Difference Between Bond & Stock Market

Modern bond and stock markets trace their history to a common origin when organized securities trading in the United States began in 1792. Both bonds and stocks were traded on a single market in New York City. Later the markets became specialized, with stock trading evolving into the New York Stock Exchange. Bond trading developed differently and became largely an “over-the-counter” market.


Stocks are ownership securities. This means shares traded on the stock market represent ownership in the issuing corporation. A particular stock may or may not provide income through dividends. Bonds, by contrast, are debt securities. The issuing organization uses bonds to borrow money. Bonds pay a fixed annual sum called the coupon rate. They must be redeemed (paid back) when they reach their maturity date.


Because stocks represent ownership in the issuing entity, all stock issuers are corporations. The bond market is more complex. Local and state governments sell bonds (commonly referred to as municipal bonds) as do the U.S. Treasury Department and foreign governments. The corporate bond market is important as well, with industrial, transportation, utility, financial and conglomerate companies being the largest bond issuers.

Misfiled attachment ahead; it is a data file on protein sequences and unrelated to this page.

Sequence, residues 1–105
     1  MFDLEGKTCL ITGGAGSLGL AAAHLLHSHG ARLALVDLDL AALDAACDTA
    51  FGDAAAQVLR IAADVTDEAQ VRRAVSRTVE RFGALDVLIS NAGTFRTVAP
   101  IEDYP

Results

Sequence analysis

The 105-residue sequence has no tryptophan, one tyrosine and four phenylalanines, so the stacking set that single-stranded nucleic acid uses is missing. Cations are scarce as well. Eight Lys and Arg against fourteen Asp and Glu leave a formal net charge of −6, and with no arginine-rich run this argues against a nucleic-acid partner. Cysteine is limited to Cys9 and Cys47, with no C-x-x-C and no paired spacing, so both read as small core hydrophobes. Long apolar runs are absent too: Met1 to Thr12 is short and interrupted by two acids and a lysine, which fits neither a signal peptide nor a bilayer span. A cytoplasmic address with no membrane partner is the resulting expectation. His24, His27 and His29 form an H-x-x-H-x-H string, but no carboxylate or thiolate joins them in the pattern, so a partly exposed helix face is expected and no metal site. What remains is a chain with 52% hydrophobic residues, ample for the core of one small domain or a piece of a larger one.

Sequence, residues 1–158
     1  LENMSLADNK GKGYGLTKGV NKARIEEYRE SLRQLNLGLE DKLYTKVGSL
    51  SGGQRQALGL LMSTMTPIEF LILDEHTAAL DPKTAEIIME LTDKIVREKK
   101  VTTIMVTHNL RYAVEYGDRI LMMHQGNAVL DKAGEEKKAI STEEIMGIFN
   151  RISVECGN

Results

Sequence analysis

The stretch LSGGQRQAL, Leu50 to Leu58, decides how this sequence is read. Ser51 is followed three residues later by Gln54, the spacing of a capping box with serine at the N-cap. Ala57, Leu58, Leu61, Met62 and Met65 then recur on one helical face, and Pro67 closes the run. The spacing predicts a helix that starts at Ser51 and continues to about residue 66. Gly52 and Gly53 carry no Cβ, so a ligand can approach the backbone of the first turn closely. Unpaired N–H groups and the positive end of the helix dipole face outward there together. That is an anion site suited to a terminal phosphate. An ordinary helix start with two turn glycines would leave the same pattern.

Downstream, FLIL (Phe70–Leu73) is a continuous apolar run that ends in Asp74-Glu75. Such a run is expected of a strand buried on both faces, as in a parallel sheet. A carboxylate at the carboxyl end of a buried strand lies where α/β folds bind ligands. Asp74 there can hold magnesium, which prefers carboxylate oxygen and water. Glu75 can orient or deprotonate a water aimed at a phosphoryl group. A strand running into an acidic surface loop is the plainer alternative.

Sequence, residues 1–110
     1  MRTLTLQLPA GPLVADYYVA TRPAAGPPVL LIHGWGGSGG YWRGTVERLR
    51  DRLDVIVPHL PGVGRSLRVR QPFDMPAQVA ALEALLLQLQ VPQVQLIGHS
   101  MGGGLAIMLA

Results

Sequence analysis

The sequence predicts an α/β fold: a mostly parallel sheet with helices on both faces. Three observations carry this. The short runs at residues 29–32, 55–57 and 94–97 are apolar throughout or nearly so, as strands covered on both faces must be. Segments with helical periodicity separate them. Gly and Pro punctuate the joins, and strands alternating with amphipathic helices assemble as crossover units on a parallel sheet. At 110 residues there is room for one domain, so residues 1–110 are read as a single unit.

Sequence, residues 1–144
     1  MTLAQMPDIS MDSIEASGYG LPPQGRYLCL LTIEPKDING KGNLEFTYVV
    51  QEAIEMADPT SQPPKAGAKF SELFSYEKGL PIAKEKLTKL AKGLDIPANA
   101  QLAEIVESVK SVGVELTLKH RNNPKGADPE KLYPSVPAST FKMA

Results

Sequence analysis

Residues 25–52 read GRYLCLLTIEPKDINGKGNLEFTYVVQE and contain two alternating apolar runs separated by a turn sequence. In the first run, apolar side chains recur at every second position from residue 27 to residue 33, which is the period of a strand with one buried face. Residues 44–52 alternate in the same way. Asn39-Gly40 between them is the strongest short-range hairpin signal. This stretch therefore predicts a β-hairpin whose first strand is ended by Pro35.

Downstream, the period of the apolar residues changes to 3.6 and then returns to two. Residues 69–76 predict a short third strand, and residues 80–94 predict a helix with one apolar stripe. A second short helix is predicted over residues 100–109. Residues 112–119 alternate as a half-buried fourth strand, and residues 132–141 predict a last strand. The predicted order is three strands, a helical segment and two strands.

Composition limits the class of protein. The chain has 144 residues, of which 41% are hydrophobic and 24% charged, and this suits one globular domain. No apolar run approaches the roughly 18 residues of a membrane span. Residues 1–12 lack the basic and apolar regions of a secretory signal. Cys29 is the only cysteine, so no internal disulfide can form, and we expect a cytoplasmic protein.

The majority of shares traded are bought and sold through centralized stock exchanges like the New York Stock Exchange. When an investor places an order with a broker, the order is executed on a stock exchange, although online trading has streamlined the transaction process. Much of the stock market volume isn’t actually generated on the trading floor as it once was. The bond market isn’t built around centralized exchanges. Instead, bond brokers find buyers and sellers through a worldwide network of other brokers.

Market Behavior

Prices of bonds and stocks behave in distinct and even opposite ways. For example, stocks tend to go up if a company does well. When profits fall during an economic downturn, share prices on the stock market tend to fall. By contrast, bond prices frequently go up when economic news is bad. Interest rates often drop in hard economic times. This makes existing bond yields more attractive, especially to nervous investors looking for a safe place to put money they want to take out of the stock market. Demand for bonds goes up, driving up prices at the very time stocks are falling.


Individual investors tend to focus on bond or stock markets largely based on their investment goals. A person who is primarily interested in current income with limited risk will generally look to bonds as an investment vehicle. The investor who seeks equity growth is far more likely to put most of his money into stocks, using bonds mainly to diversify his portfolio and so reduce overall risk.